Moreover, it is this conception of time and of the now, and the notions of gradual and all-at-once that underlie them, that Khayrābādī presupposes when clarifying what it means to say that motion is the gradual emergence from potency to act. Again Khayrābādī draws upon an idea from Avicenna, which Mullā Ṣadrā had picked up on and, ironically, used to argue against defining motion in terms of gradual emergence. Avicenna’s insight is that motion is applied in two senses: medial motion (ḥaraka tawassuṭiyya) and traverse motion (ḥaraka qaṭʿiyya). Traverse motion occurs when (p. 548) one observes an object in two different, opposing states, for example, being here and then being there. Now in the world, a moving object is not partially here and simultaneously partially there during its motion. Consequently, in the world, motion is not some continuous thing that at any moment actually extends between here and there in the way that the distance continuously extends between two points; rather, the relation between these two states is impressed upon the mind, and it is this mental impression that gives rise to traverse motion, that is, the idea of motion as a continuous extended magnitude.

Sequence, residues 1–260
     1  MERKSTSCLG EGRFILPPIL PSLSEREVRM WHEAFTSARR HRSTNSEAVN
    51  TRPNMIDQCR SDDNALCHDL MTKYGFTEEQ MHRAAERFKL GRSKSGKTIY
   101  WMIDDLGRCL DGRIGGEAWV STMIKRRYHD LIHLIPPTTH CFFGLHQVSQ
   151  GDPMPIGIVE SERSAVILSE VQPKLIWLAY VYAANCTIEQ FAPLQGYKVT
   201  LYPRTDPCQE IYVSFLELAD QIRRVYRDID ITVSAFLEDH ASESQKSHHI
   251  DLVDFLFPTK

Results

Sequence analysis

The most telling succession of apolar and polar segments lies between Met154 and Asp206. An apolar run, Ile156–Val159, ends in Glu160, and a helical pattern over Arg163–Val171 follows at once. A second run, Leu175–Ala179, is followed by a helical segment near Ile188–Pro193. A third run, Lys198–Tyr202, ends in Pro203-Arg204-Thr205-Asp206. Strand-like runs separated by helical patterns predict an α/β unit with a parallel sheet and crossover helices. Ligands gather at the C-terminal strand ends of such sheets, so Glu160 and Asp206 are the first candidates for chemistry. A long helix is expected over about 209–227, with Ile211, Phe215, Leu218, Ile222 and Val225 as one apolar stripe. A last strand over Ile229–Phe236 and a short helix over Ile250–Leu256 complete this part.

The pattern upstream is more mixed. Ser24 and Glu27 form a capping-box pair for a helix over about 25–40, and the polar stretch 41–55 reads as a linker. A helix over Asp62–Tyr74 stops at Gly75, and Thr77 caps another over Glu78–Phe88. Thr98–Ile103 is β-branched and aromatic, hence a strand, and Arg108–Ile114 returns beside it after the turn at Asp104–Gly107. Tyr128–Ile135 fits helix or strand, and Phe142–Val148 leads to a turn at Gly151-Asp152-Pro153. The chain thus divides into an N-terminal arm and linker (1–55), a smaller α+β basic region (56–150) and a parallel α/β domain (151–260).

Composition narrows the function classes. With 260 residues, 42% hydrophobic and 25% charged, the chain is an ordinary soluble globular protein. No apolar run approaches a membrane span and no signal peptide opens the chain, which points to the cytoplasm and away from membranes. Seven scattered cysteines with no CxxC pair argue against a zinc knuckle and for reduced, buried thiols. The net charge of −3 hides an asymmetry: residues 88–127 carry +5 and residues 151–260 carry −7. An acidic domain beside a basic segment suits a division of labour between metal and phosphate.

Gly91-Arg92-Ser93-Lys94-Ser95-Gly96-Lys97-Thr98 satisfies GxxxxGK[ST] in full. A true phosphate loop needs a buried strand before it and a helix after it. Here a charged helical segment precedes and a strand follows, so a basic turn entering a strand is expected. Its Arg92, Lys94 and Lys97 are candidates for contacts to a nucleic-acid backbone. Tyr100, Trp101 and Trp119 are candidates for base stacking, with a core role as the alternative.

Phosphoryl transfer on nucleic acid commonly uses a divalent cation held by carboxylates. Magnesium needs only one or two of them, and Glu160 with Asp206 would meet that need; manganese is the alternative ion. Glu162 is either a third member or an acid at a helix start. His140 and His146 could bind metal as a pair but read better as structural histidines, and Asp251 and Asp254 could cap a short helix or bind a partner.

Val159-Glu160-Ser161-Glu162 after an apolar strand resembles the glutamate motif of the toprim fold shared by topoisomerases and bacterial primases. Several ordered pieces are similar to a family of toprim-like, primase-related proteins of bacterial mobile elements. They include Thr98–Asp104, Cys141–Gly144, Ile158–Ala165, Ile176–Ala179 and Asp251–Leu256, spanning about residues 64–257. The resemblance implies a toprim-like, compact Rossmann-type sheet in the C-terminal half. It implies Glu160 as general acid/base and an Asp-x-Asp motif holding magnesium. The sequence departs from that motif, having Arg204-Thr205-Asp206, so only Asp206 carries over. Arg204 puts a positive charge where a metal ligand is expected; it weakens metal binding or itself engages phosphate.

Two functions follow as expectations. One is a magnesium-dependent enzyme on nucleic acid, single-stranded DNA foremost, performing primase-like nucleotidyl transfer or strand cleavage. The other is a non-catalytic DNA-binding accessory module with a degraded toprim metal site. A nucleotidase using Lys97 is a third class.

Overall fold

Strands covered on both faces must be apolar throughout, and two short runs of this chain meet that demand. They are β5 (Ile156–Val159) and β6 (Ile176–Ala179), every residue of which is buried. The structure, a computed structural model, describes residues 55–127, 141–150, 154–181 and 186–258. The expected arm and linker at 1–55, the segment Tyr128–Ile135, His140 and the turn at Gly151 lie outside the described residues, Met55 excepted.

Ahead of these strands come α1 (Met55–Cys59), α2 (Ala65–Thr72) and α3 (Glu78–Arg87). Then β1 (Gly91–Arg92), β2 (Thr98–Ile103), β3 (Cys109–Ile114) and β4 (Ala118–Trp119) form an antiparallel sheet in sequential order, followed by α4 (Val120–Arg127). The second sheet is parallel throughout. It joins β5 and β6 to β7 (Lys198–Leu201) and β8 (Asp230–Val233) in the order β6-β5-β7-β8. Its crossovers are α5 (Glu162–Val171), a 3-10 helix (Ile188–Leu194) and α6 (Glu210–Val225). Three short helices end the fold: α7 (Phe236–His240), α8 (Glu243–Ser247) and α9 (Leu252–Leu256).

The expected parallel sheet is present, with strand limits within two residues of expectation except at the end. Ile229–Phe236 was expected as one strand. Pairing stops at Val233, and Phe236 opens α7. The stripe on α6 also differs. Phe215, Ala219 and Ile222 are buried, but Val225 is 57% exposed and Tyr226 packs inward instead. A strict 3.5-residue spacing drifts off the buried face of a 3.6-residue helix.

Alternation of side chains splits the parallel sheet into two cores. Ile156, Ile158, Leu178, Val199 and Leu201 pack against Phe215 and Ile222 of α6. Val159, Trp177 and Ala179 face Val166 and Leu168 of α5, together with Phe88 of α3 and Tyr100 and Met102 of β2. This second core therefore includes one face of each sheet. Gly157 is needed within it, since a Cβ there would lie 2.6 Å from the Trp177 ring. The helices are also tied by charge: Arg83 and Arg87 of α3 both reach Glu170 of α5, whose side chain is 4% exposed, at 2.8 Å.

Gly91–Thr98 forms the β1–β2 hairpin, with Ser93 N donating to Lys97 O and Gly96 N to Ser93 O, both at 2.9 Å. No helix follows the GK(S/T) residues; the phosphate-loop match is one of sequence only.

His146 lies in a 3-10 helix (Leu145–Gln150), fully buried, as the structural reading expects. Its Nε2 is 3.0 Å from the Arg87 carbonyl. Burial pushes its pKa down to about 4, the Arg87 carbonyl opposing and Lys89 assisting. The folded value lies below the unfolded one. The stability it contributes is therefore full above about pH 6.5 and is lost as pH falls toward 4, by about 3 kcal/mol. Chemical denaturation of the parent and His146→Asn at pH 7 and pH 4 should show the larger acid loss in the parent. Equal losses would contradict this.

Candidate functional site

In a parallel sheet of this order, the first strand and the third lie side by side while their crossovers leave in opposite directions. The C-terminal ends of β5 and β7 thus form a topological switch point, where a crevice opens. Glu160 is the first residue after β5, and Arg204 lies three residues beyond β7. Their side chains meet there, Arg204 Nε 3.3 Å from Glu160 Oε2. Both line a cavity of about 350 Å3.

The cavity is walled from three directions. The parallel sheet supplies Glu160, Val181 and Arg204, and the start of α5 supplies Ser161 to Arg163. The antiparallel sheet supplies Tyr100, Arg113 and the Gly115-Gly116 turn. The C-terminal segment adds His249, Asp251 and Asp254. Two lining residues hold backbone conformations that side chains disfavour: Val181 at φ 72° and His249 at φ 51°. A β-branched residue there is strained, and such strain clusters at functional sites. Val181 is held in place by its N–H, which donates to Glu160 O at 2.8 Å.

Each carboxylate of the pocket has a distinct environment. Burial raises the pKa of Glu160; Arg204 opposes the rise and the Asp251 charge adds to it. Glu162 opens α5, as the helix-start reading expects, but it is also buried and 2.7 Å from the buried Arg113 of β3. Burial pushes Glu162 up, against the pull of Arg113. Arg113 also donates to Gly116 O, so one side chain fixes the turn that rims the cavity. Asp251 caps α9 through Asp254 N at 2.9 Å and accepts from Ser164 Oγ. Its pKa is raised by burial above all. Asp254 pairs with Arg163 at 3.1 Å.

According to Khayrābādī the more important sense of motion is medial motion, though he also accepts the reality of traverse motion. It is medial motion that properly explains “gradual emergence” and why notions like time and the now must be primitive. He explains it thus:

[Medial-motion] is the body’s being between the starting point and ending point such that at every now/instant (ān) that is posited during the time of the motion, it is at some limiting point (ḥadd) of that with respect to which there is motion [namely, either with respect to quantity, quality, place, or position] at which it was not there before [that instant], nor will it be there after it. Undoubtedly, then, when the body moves and departs from the starting point but has not reached the ending point, it comes to have some simple state, which is its being between the starting and ending points inasmuch as at any instant from when it leaves the starting point until it reaches the ending point it is at some limiting point along the distance at which it was not there before that instant. That is because if it were there before that, it would have been at rest there, and so not undergoing motion, but we had posited it as undergoing motion, which is a contradiction. Likewise, it will not be there after that instant, since if it were there afterward, it would be at rest at that limiting point, and so not undergoing motion, but we posited it as undergoing motion, which is a contradiction. This sense [of motion, namely, medial motion] is what decidedly exists during the emergence.